Chinese film propaganda's biggest hits and misfires

It's a fine line between success and failure in Chinese propaganda

This month sees the release of Lei Feng Man, a low-budget cartoon drawing from the iconography of saintly Chinese propaganda subject Lei Feng. It's not the first cartoon you've never heard of to serve a nationalistic purpose, either: last year saw the release of Teenage Mao Zedong, a cartoon about...teenage Mao Zedong (if they'd just added a 'mutant' into that title we so would have been there). Most of these movies come and go without anyone in or outside China paying much attention, but some Party-bolstering films have conquered the box office or set off huge controversies. Here are some of the biggest hits and misfires of recent Chinese propaganda movies.

The Founding of a Republic


You'd think a movie with a name (and story) as boring as The Founding of a Republic would be box office poison, but you'd be wrong. When this movie came out in 2009, it set box office records in mainland China. Strong state support for the film surely didn't hurt, and an insane amount of cameos from Chinese stars helped seal the deal. The cast listing for this movie is like a who's who of the Chinese film industry, ranging from Jet Li and Jackie Chan to Chen Kaige and John Woo. See what all the fuss is about below (VPN required).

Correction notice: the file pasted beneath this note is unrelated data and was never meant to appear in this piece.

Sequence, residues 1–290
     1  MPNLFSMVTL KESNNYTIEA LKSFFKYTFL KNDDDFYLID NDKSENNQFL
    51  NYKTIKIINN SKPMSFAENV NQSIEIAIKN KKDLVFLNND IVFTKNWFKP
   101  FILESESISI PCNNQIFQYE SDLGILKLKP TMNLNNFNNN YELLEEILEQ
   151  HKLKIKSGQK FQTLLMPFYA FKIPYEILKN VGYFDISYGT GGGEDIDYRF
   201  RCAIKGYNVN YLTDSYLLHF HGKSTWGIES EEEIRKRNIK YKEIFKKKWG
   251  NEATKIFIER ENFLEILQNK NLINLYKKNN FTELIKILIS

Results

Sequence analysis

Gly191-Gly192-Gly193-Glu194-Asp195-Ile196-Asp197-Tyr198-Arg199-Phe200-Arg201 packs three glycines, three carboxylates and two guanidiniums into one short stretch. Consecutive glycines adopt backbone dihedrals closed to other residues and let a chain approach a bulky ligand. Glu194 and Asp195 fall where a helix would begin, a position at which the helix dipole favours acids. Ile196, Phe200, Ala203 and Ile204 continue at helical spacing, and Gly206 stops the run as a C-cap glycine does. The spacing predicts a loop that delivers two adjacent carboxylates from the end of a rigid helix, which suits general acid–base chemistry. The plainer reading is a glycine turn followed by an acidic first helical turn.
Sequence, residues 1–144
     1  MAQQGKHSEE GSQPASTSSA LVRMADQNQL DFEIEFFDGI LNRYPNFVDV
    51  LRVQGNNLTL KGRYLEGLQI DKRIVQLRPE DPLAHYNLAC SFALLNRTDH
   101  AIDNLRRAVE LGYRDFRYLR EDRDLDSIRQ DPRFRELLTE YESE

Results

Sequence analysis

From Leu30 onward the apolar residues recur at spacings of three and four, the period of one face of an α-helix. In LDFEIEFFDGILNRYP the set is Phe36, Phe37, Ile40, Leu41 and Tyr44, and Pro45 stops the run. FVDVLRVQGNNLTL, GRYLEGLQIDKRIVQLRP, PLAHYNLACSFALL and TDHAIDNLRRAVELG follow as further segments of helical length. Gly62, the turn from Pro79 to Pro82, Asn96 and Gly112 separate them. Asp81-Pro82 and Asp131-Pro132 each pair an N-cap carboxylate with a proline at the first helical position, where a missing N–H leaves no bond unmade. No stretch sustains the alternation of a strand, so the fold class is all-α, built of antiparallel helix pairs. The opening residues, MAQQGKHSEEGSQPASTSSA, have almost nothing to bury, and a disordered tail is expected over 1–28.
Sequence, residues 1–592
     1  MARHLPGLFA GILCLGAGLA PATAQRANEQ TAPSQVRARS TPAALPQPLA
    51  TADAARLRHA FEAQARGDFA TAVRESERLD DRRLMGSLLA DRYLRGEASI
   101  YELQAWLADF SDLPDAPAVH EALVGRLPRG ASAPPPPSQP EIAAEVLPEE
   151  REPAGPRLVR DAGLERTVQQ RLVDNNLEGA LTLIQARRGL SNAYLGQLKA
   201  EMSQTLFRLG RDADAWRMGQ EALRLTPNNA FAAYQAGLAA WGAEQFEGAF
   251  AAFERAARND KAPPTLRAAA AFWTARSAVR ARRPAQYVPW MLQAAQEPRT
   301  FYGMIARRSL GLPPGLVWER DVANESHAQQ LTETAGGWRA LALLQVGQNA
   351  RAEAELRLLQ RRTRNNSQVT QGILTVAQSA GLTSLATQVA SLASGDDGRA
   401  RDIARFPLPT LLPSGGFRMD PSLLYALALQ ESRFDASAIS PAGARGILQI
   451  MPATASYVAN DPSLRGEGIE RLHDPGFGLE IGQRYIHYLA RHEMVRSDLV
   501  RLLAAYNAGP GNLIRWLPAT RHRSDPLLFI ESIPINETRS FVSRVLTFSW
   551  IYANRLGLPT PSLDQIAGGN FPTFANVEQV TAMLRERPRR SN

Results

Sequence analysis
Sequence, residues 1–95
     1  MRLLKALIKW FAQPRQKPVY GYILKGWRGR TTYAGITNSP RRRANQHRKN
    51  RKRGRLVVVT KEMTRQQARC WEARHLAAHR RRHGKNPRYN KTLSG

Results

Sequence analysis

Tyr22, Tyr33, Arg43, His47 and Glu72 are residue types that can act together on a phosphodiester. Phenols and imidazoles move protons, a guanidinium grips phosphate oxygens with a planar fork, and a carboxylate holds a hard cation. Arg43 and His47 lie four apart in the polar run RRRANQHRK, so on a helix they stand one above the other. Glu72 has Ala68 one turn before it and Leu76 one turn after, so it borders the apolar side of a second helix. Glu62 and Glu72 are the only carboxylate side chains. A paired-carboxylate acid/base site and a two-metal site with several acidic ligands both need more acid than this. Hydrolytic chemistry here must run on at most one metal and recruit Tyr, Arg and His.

Hundred Regiments Offensive


Like The Founding of a Republic, this was another state-backed box office success in mainland China. Rival film executives cried foul, however, when it became clear that the profits of Hundred Regiments Offensive were inflated. Cinemas were set quotas for the movie, and sold tickets for it to movie-goers who actually wanted to see other films. It's only been a year since the movie came out, but the scandal is already the most memorable thing about it. You can be the judge, by clicking the clip below (VPN required).

The Cairo Declaration

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The Cairo Conference was an important World War II meeting between Franklin Roosevelt, Winston Churchill and Chiang Kai-shek. Mao Zedong was nowhere near that meeting, but apparently no one told the producers of The Cairo Declaration, a 2015 Chinese film about the meeting whose promotional materials heavily featured Mao Zedong. The same Mao Zedong who had nothing to do with the meeting. Netizens had a field day making parodies of the poster, photoshopping in anyone from Gollum to Barack Obama. You can even make your own parody here. Unfortunately, we can't find an English-subtitled version online, but you can test your Chinese, Russian and understanding of world history by watching below (again, VPN required).

The Taking of Tiger Mountain


Originally one of the Cultural Revolution's Eight Model Operas, this drama about a PLA commander taking on a fortress of evil bandits was given the blockbuster treatment in 2014 by Hong Kong action legend Tsui Hark. Tsui's sure sense of action and theatricality make the film much more entertaining than you'd expect, but every scene set among the saintly PLA soldiers feels like a slog. Check it out below, via YouTube (VPN required, of course).

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